The Johns Hopkins Gazette: May 19, 2003
May 19, 2003
VOL. 32, NO. 35


Society of Scholars Inducts New Members

Johns Hopkins Gazette Online Edition

To honor the significant accomplishments of men and women who spent part of their careers at Johns Hopkins, the Society of Scholars was created by the board of trustees in May 1967 on the recommendation of then President Milton S. Eisenhower.

The society--the first of its kind in the nation--inducts former postdoctoral fellows and former junior or visiting faculty at Johns Hopkins who have gained marked distinction in their fields of physical, biological, medical, social or engineering sciences or in the humanities and for whom at least five years have elapsed since their last Johns Hopkins affiliation.

The Committee of the Johns Hopkins Society of Scholars, whose members are equally distributed among the academic divisions, elects the scholars from the candidates nominated by the academic divisions that have programs for postdoctoral fellows. There are currently 445 members in the Johns Hopkins Society of Scholars.

The 15 scholars elected in 2003 will be invested at an induction ceremony hosted by Provost Steven Knapp at 4 p.m. on Wednesday, May 21, at Evergreen House; at that time, the new members in attendance will be presented with a diploma and a medallion on a black and gold ribbon to be worn with their academic robe. The induction will be followed by a dinner hosted by President William R. Brody. The new Society of Scholars will be recognized at Commencement on May 22.

The following listing gives the names of the inductees, their Johns Hopkins affiliation, the name of their nominator and a short description of their accomplishments at the time of their election to the society.

Bjorn Afzelius, Stockholm, Sweden

At Johns Hopkins: Fellow in the Thomas C. Jenkins Department of Biophysics (now Biochemistry and Molecular Biology) in the School of Public Health, 1957 to 1958.

Nominator: Diane E. Griffin, chair of the Department of Molecular Microbiology and Immunology.

Bjorn Afzelius has made seminal contributions to the understanding of the motility of sperm and cilia. A professor emeritus at Stockholm University, he has trained a large number of people in the use of electron microscopy for biomedical research. Afzelius has published 250 scientific papers and has written books on spermatology, cell biology and biomedical electron microscopy.

Appiah Amirtharajah, Atlanta

At Johns Hopkins: Postdoctoral fellow in the Department of Geography and Environmental Engineering, Whiting School of Engineering, 1984 to 1985.

Nominator: Charles R. O'Melia, professor, Department of Geography and Environmental Engineering.

Appiah Amirtharajah is among a small group of the very best environmental engineers and practitioners in the field of potable water treatment and supply. Using innovative physical and chemical technologies, he has improved the health of people throughout the world, across geographical and cultural boundaries. Over the past 25 years, Amirtharajah has been a mentor to his students and a valued colleague for others working to provide safe, reliable and affordable water supplies.

Eric W. Fonkalsrud, Santa Monica, Calif.

At Johns Hopkins: Intern and assistant resident under Alfred Blalock, Department of Surgery, School of Medicine, 1957 to 1959.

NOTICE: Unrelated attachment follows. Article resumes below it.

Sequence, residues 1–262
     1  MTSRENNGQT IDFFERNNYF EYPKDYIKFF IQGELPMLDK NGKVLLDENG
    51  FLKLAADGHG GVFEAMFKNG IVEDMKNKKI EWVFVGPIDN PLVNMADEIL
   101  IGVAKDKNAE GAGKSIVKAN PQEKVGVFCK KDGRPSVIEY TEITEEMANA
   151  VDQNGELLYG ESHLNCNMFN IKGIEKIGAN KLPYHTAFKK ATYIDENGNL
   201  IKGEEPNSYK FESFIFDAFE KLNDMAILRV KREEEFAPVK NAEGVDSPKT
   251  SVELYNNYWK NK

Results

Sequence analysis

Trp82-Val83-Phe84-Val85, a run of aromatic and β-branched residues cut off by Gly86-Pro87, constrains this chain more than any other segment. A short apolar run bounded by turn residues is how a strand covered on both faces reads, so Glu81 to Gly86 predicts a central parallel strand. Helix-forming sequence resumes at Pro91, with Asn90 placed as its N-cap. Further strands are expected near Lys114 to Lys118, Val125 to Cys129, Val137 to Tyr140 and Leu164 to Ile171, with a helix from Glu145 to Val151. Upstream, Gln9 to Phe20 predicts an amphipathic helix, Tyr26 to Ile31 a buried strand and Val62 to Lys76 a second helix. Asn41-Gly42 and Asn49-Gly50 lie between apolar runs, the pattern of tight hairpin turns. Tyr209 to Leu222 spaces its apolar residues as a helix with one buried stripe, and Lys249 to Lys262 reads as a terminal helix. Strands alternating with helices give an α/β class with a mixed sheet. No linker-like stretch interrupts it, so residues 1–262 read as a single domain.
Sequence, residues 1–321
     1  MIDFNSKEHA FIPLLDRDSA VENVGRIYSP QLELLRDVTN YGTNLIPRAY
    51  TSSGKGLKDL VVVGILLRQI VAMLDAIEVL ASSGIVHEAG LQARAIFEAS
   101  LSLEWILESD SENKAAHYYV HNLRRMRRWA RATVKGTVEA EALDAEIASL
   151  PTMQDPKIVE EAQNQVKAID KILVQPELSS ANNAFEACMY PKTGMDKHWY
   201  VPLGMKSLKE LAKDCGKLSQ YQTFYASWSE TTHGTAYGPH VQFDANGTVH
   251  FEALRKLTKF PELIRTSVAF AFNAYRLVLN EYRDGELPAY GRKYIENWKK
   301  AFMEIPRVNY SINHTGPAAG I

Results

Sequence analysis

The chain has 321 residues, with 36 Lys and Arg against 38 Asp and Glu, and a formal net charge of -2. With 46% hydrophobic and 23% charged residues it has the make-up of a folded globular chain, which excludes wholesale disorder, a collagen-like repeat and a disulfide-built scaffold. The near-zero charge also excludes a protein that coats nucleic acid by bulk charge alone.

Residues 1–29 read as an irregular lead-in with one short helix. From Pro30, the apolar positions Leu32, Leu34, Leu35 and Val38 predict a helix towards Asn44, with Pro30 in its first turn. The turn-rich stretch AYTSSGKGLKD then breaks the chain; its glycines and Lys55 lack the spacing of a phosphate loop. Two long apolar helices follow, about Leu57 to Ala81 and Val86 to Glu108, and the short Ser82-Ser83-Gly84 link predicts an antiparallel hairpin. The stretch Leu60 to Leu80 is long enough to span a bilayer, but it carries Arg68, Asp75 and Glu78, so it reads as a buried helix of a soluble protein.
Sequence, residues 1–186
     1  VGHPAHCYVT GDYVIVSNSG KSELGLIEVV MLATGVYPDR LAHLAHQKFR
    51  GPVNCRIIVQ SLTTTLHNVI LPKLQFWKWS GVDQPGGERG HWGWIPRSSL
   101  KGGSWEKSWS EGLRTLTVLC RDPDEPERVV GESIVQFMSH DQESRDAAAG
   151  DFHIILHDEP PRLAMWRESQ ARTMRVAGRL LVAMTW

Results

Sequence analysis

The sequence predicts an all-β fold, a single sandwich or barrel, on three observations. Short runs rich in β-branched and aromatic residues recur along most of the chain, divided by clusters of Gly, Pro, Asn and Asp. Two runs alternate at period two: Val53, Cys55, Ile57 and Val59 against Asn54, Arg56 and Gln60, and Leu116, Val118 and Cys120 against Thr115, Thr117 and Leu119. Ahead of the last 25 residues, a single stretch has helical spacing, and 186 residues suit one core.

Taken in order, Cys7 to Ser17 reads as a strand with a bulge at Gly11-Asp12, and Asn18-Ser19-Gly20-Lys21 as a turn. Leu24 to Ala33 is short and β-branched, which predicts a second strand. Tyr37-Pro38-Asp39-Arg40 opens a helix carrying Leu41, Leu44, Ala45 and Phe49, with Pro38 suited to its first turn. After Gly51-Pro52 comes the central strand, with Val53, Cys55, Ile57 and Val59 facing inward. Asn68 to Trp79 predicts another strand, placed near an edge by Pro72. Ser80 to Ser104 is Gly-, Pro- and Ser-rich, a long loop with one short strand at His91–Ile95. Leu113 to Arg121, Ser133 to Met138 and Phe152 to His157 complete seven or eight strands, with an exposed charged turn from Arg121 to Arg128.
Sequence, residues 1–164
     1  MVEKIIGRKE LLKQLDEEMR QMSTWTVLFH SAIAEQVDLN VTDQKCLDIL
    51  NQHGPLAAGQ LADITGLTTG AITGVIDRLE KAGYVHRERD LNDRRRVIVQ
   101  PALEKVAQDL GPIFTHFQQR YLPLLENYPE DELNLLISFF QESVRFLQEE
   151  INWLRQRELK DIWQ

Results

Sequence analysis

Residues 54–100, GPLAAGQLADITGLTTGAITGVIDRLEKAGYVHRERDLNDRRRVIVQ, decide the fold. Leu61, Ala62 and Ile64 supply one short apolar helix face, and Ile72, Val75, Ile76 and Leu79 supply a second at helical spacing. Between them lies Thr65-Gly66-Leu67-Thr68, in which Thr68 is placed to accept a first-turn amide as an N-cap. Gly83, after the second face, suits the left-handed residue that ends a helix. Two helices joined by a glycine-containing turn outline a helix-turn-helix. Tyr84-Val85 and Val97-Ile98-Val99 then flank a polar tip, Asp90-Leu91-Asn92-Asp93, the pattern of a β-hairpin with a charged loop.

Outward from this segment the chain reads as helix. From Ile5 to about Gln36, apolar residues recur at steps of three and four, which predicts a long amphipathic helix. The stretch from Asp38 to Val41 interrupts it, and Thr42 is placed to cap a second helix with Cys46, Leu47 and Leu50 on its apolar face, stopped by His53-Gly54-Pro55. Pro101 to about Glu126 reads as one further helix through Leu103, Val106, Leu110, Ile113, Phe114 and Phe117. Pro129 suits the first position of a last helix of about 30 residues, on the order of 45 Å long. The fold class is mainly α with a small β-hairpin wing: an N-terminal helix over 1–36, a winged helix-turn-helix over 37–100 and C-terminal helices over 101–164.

Nominator: John L. Cameron, professor, Department of Surgery.

For decades, Eric Fonkalsrud has been one of the outstanding leaders in pediatric surgery. During his 35-year tenure as chief of pediatric surgery at the University of California, Los Angeles, School of Medicine, Fonkalsrud developed an active clinical and research program in the management of inflammatory bowel disease in children and adults. He was among the developers of the ileoanal pouch procedure for patients with ulcerative colitis.

James D. Griffin, Boston

At Johns Hopkins: Internship and residency in internal medicine, Department of Medicine, under chair Vincent McKusick, 1974 to 1976.

Nominator: Martin D. Abeloff, director, the Sidney Kimmel Comprehensive Cancer Center at Johns Hopkins.

Chair of the Department of Medical Oncology at the Dana-Farber Cancer Institute, James Griffin is internationally recognized for his research in the clinical and biologic aspects of hematologic malignancies, or cancers of the blood cells. He was chosen to lead his department because of his vision and compassion; more than 100,000 patients visit his department's clinics each year. Griffin is a professor at Harvard Medical School.

Arthur P. Grollman, Stony Brook, N.Y.

At Johns Hopkins: Intern and assistant resident, Department of Medicine, School of Medicine, 1959 to 1961.

Nominator: Simeon Margolis, professor, Department of Medicine and Biological Chemistry.

Arthur Grollman is director of the Zickler Laboratory of Chemical Biology at the State University of New York at Stony Brook, where he explores the relationship between the structure of damaged DNA and the enzymes involved in repairing it. Grollman's studies have contributed to our understanding of the aging process and are used in developing cancer-fighting chemotherapeutic drugs. He is a professor of medicine, experimental medicine and pharmacological sciences.

William G. Kaelin Jr., Boston

At Johns Hopkins: Postdoctoral studies in the Division of Medicine/Internal Medicine, School of Medicine, 1983 to 1986.

Nominator: Martin Abeloff, director, the Sidney Kimmel Comprehensive Cancer Center at Johns Hopkins.

A Howard Hughes Medical Institute investigator, William Kaelin works to discover why mutations of tumor-suppressing genes cause cancer. His work provides insight into the genetic factors that make people more likely to develop the disease, and he is developing innovative molecularly targeted cancer therapy. Kaelin is a professor in the Department of Medicine at the Dana-Farber Cancer Institute and at Brigham and Women's Hospital, Harvard Medical School.

Kenneth A. Krackow, Buffalo, N.Y.

At Johns Hopkins: Postdoctoral work with Robert A. Robinson, Department of Orthopaedic Surgery, School of Medicine, 1971 to 1976.

Nominator: Frank J. Frassica, chair of the Department of Orthopaedic Surgery.